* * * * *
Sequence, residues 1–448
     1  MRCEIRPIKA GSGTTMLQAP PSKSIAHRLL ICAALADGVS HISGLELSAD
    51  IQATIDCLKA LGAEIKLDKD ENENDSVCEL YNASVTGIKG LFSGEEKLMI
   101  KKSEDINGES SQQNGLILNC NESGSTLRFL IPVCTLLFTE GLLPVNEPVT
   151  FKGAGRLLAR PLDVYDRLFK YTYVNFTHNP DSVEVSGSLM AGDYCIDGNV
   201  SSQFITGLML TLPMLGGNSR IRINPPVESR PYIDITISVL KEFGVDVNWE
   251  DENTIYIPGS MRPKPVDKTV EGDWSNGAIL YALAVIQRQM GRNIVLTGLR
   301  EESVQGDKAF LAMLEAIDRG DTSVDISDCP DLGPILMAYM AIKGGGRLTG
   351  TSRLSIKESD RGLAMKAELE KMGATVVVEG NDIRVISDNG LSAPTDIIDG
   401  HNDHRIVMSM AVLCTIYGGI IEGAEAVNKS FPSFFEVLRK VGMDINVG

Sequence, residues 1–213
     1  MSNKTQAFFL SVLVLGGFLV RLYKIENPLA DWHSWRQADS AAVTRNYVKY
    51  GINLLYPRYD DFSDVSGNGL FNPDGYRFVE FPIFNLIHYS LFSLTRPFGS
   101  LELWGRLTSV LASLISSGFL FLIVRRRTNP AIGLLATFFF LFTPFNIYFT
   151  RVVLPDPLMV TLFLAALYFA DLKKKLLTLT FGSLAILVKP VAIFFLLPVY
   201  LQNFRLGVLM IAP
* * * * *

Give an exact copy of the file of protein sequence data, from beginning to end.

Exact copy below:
Sequence, residues 1–448
     1  MRCEIRPIKA GSGTTMLQAP PSKSIAHRLL ICAALADGVS HISGLELSAD
    51  IQATIDCLKA LGAEIKLDKD ENENDSVCEL YNASVTGIKG LFSGEEKLMI
   101  KKSEDINGES SQQNGLILNC NESGSTLRFL IPVCTLLFTE GLLPVNEPVT
   151  FKGAGRLLAR PLDVYDRLFK YTYVNFTHNP DSVEVSGSLM AGDYCIDGNV
   201  SSQFITGLML TLPMLGGNSR IRINPPVESR PYIDITISVL KEFGVDVNWE
   251  DENTIYIPGS MRPKPVDKTV EGDWSNGAIL YALAVIQRQM GRNIVLTGLR
   301  EESVQGDKAF LAMLEAIDRG DTSVDISDCP DLGPILMAYM AIKGGGRLTG
   351  TSRLSIKESD RGLAMKAELE KMGATVVVEG NDIRVISDNG LSAPTDIIDG
   401  HNDHRIVMSM AVLCTIYGGI IEGAEAVNKS FPSFFEVLRK VGMDINVG

Sequence, residues 1–213
     1  MSNKTQAFFL SVLVLGGFLV RLYKIENPLA DWHSWRQADS AAVTRNYVKY
    51  GINLLYPRYD DFSDVSGNGL FNPDGYRFVE FPIFNLIHYS LFSLTRPFGS
   101  LELWGRLTSV LASLISSGFL FLIVRRRTNP AIGLLATFFF LFTPFNIYFT
   151  RVVLPDPLMV TLFLAALYFA DLKKKLLTLT FGSLAILVKP VAIFFLLPVY
   201  LQNFRLGVLM IAP